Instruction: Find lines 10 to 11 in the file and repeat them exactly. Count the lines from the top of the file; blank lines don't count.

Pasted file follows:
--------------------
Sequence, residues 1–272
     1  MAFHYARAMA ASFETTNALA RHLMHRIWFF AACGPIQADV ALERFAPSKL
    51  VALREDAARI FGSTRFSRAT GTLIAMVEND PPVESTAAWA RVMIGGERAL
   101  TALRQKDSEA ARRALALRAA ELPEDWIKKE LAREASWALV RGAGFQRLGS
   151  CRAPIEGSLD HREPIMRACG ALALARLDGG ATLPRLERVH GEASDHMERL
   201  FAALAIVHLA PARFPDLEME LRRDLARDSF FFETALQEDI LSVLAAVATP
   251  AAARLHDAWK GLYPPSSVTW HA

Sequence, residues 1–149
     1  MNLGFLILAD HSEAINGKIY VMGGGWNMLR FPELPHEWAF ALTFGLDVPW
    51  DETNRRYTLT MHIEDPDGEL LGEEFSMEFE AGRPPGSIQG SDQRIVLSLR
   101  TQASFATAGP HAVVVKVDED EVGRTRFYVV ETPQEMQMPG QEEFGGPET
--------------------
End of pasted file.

    51  DETNRRYTLT MHIEDPDGEL LGEEFSMEFE AGRPPGSIQG SDQRIVLSLR
   101  TQASFATAGP HAVVVKVDED EVGRTRFYVV ETPQEMQMPG QEEFGGPET